According to the realty firm, the average DOM for sales in the four beach cities was 55, which is the highest May DOM since I've started keeping track of Shorewood's DOM numbers, which go back to July 2004.

In my calculations of median and average DOM for Redondo Beach sales, my notion of time on market is different from Shorewood's. The realty firm uses a strict interpretation, starting a counter from the last time a property is relisted before it is sold. My calculation of DOM looks at the time the property first enters the market and tallies all the time the property waits before it is finally sold. So it probably is no surprise that my calculation for Redondo Beach of average time on market is 173 days (nearly 6 months), which is skewed by homes sitting on the market for close to two years, and homes which enter the market priced very competitively and sell relatively quickly.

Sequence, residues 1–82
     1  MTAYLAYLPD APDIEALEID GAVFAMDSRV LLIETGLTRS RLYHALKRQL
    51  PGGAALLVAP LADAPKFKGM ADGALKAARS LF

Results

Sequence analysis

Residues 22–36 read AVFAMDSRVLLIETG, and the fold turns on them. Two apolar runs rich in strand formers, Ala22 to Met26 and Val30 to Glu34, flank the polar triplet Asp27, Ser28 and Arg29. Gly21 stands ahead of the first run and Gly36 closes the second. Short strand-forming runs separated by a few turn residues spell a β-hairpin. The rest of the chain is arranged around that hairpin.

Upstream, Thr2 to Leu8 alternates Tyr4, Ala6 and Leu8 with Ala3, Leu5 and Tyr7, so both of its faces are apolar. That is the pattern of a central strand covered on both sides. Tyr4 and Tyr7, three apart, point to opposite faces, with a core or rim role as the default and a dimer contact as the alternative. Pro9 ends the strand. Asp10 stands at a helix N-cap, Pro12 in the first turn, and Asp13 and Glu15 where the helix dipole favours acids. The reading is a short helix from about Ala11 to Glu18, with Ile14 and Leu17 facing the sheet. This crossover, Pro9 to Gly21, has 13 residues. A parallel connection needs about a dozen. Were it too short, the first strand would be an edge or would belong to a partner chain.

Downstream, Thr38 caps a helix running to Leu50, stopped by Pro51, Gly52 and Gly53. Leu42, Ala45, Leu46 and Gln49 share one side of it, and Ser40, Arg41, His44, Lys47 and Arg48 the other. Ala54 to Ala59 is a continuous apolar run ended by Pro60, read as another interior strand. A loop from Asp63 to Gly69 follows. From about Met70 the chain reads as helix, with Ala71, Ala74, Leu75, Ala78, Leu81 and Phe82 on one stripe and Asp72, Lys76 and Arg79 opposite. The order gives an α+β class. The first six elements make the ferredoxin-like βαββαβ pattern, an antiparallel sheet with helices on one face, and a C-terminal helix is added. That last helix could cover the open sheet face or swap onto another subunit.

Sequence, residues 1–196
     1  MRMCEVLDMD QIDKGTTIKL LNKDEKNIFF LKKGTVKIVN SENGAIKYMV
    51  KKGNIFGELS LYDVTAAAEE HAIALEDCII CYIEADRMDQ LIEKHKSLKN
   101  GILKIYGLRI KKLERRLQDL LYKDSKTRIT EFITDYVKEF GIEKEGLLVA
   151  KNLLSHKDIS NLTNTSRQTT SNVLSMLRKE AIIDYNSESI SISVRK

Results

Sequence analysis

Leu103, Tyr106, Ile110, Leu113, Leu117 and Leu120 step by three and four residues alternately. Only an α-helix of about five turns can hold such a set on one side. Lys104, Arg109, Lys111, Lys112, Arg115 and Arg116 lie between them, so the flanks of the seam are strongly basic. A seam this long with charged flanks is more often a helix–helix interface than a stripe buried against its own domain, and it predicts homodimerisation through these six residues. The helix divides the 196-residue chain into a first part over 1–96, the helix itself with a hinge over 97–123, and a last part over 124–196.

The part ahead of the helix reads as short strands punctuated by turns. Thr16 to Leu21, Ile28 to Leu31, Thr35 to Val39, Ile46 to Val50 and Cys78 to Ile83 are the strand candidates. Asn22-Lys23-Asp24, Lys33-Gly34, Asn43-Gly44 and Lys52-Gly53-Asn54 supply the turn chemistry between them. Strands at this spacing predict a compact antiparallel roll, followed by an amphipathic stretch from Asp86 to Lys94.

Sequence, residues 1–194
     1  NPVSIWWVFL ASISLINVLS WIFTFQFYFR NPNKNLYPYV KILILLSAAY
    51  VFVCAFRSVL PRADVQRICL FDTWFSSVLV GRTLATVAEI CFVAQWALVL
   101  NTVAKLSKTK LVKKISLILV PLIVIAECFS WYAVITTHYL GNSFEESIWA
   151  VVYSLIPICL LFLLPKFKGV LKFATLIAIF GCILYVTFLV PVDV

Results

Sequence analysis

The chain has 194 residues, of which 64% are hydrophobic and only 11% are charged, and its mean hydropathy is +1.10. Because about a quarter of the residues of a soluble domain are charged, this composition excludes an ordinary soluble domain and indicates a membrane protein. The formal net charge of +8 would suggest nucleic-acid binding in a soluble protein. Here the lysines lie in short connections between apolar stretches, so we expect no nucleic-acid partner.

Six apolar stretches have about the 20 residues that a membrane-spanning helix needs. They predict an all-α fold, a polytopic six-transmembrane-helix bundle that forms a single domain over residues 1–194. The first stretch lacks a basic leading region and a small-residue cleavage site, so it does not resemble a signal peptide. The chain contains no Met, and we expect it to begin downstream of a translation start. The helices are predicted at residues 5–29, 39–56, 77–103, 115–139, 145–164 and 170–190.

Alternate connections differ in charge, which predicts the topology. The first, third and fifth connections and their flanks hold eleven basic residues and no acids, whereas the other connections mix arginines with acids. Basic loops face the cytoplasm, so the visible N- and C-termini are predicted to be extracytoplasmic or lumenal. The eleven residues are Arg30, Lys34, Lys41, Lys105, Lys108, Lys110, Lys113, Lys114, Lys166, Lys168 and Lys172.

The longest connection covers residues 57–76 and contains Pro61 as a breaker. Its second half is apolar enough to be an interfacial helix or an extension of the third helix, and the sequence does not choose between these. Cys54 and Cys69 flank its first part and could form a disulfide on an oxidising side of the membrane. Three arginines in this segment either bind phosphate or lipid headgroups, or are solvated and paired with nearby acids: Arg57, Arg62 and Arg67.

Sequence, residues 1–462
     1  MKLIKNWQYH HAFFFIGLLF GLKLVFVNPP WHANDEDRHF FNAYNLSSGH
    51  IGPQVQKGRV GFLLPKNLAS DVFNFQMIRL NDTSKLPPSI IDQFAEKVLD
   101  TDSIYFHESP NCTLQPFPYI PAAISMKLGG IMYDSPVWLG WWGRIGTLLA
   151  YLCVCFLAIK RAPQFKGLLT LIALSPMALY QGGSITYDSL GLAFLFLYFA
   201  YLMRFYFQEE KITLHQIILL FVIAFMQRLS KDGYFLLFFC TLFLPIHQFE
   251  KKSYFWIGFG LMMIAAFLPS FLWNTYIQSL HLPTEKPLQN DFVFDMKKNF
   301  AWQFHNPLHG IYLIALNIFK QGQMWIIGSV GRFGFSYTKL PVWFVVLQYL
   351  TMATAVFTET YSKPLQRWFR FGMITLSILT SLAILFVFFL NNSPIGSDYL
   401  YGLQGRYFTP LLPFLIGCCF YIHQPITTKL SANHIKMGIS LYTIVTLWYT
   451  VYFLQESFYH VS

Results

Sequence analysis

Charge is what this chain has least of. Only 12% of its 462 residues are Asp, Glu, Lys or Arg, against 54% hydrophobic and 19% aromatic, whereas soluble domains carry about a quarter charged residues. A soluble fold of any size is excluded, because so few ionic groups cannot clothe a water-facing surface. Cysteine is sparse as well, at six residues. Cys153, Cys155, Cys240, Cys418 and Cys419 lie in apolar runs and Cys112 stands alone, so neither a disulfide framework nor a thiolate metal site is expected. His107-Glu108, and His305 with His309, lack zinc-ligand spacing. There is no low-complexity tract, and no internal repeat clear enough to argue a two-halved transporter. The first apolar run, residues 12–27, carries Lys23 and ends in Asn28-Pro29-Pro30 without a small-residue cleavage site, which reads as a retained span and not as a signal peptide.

In terms of sales relative to inventory, sales edged up in May and inventory edged down. I-S/S is still very high. May 2007 saw 513 properties for sale and May 2008 saw 699. May 2007 saw 173 sales and May 2008 saw 135 sales.

Beach city median price appears to be showing some cracks, no doubt due to weakness in the high end and luxury market. Check Shorewood's press release by price category and you'll see that all price category sales are down below last year except for categories of homes sold under $750,000.

Shorewood doesn't like talking about price declines much, referring to the decline as a "psychological adjustment." The firm goes on to say that one month of decline is not necessarily the start of a trend, noting that foreclosures haven't impacted the beach cities the way they have other markets. The press release does not even mention weakness in the high-end market.

The firm does not discuss short sales at all. And as for foreclosures impacting the beach cities, my thoughts on that are "give it time."